Naturally, when you write servlets, you never make mistakes. However, some of your colleagues might make an occasional error, and you can pass this advice on to them. Seriously, though, debugging servlets can be tricky because you don't execute them directly. Instead, you trigger their execution by means of an HTTP request, and they are executed by the Web server. This remote execution makes it difficult to insert break points or to read debugging messages and stack traces. So, approaches to servlet debugging differ somewhat from those used in general development. Here are 10 general strategies that can make your life easier.
Use print statements.
With most server vendors , if you run the server on your desktop, a window pops up that displays standard output (i.e., the result of System.out.println statements). "What?" you say, "Surely you aren't advocating something as old-fashioned as print statements?" Well, true, there are more sophisticated debugging techniques. And if you are familiar with them, by all means use them. But you'd be surprised how useful it is to just gather basic information about how your program is operating. The init method doesn't seem to work? Insert a print statement, restart the server, and see if the print statement is displayed in the standard output window. Perhaps you declared init incorrectly, so your version isn't being called? Get a NullPointerException ? Insert a couple of print statements to find out which line of code generated the error and which object on that line was null . When in doubt, gather more information.
Use an integrated debugger in your IDE .
Many integrated development environments (IDEs) have sophisticated debugging tools that can be integrated with your servlet and JSP container. The Enterprise editions of IDEs like Borland JBuilder, Oracle JDeveloper, IBM WebSphere Studio, Eclipse, BEA WebLogic Studio, Sun ONE Studio, etc., typically let you insert breakpoints, trace method calls, and so on. Some will even let you connect to a server running on a remote system.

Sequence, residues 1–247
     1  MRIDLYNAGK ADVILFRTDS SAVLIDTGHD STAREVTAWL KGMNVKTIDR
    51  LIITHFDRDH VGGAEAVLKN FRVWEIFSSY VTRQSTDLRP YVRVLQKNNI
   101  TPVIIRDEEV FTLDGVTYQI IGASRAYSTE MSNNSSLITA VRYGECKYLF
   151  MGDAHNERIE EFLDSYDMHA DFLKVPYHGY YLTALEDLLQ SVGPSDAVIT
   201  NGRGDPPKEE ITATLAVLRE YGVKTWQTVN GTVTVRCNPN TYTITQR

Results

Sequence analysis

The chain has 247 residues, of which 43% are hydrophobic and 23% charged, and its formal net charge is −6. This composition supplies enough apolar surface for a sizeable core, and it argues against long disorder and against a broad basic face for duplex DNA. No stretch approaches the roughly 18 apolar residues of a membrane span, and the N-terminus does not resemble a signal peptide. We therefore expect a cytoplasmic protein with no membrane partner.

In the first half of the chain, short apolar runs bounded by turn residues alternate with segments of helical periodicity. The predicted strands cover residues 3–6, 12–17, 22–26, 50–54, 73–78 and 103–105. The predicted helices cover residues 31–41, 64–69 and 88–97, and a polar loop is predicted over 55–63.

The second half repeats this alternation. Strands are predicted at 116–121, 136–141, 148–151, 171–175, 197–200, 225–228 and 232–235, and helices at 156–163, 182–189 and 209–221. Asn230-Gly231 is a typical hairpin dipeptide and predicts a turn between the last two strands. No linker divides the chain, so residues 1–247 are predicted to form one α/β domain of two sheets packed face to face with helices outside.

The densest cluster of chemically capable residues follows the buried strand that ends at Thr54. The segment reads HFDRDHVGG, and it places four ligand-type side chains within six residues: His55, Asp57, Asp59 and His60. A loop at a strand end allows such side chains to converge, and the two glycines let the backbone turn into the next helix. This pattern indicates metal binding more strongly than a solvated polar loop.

Use the log file.
The HttpServlet class has a method called log that lets you write information into a logging file on the server. Reading debugging messages from the log file is a bit less convenient than watching them directly from a window as with the two previous approaches, but using the log file is an option even when running on a remote server; in such a situation, print statements are rarely useful and only the advanced IDEs support remote debugging. The log method has two variations: one that takes a String , and the other that takes a String and a Throwable (an ancestor class of Exception ). The exact location of the log file is server-specific, but is generally clearly documented or can be found in subdirectories of the server installation directory.
Use Apache Log4J.
Log4J is a package from the Apache Jakarta Projectthe same project that manages Tomcat (one of the sample servers used in the book) and Struts (an MVC framework discussed in Volume 2 of this book). With Log4J, you semi-permanently insert debugging statements in your code and use an XML-based configuration file to control which are invoked at request time. Log4J is fast, flexible, convenient, and becoming more popular by the day. For details, see http://jakarta.apache.org/log4j/.
Write separate classes.